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It’s been an odd summer for me because of the trip to Africa plopped down in the middle of July. Between prepping for the trip, being away, and re-entering, there hasn’t been a lot of what I think of as summer.

So now I’m trying to grab a little of that old Cape Cod magic before summer is gone.

The other day, I took the ferry to Martha’s Vineyard with my friends Mary Ellen and Susie. It wasn’t a day trip – more like a half-day trip. But still, it was fun.

Our destination was Oak Bluffs and Illumination Night – an annual festival where all the gingerbread cottages that surround the old campground are lit up with paper lanterns. I’d never seen it, though I’ve read about its magic in books. (Check out Illumination Night, a novel by Alice Hoffman.)

While waiting for darkness to descend and the lanterns to come on, we had a wonderful dinner at the Red Cat Café in Oak Bluffs. (World’s best roasted brussel sprouts!) At the table next to us were two women visiting from Dubai, who told us that we absolutely must get donuts from Back Door Donuts after dinner. The apple fritters, they said, were TO DIE FOR!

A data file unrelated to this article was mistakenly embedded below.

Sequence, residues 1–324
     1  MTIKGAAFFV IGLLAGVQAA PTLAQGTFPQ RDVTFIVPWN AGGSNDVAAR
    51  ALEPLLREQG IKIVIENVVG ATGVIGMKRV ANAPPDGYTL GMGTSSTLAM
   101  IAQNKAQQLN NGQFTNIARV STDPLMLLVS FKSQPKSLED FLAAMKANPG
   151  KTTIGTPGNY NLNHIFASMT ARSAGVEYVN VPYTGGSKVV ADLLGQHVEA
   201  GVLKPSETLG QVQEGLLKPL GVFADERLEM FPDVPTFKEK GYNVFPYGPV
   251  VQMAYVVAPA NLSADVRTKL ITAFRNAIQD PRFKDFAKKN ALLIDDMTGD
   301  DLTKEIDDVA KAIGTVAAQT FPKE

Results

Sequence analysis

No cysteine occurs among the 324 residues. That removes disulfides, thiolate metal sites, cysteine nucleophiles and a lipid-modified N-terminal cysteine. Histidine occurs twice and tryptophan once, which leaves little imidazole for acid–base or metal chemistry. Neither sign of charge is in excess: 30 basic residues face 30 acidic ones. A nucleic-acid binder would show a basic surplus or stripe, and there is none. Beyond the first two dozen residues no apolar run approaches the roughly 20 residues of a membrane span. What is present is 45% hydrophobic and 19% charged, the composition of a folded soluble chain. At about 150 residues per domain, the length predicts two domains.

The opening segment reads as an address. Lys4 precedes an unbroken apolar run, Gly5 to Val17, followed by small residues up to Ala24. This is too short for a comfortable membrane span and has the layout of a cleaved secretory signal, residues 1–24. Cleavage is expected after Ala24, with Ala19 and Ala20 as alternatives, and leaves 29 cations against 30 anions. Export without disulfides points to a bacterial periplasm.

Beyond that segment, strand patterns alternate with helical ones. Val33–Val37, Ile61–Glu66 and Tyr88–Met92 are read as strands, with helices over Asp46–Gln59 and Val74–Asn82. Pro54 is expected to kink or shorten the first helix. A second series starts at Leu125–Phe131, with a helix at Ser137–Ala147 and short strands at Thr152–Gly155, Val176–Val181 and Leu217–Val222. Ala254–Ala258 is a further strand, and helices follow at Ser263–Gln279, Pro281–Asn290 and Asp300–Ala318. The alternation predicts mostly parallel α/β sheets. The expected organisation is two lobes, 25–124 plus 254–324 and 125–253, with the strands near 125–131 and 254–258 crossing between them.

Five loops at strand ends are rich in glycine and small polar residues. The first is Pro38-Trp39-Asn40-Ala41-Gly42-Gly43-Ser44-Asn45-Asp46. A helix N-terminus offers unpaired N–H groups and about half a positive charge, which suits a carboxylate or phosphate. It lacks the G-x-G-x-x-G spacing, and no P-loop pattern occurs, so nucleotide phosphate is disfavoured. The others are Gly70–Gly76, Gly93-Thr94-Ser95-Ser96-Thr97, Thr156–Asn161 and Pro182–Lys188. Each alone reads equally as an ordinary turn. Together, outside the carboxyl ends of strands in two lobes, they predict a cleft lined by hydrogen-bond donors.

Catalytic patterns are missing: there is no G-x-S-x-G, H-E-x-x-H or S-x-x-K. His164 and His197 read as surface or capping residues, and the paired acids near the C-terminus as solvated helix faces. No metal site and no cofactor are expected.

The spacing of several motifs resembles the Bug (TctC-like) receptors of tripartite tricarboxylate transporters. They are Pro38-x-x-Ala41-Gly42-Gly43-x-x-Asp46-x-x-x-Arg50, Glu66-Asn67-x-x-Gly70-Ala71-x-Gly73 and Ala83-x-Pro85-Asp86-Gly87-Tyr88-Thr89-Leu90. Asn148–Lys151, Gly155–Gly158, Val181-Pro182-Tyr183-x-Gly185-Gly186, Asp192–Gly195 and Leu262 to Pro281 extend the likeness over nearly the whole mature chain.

They explained that the shop sells pretty conventional baked goods out of the storefront during the day, but at 7 p.m. every night after the shop closes, they open the back door to the parking lot and begin to sell truly amazing donuts, right out of hot oil, to a waiting crowd. Even the Obamas were known to stop by when they were on the island.

“Try to get there early,” they warned. “There will be a line.”

And indeed there was! Though it was not yet 7:00, several hundred people were already queued up, waiting. A festive, chatty mood animated the crowd. The folks ahead of us in line were flabbergasted to hear that Susie had never, ever eaten a donut before. NEVER?  Nope, never. This seemed like a pretty good place to start! We speculated whether apple fritters counted, and whether we might be able to cage a few free donuts, given the historic moment.

Ixnay to that idea, but the apple fritters were as delicious as advertised, a perfect blend of hot sugary crispness and grease.

The illumination part of the evening was less successful. It was the tradition to precede the lantern-lighting with a hearty, patriotic sing-along in the Tabernacle that anchors the campground. The singing went on and on and on till we finally had to bolt for the shuttle bus, lest we miss the last ferry back to the mainland. Never did see the lights.

Better luck next year!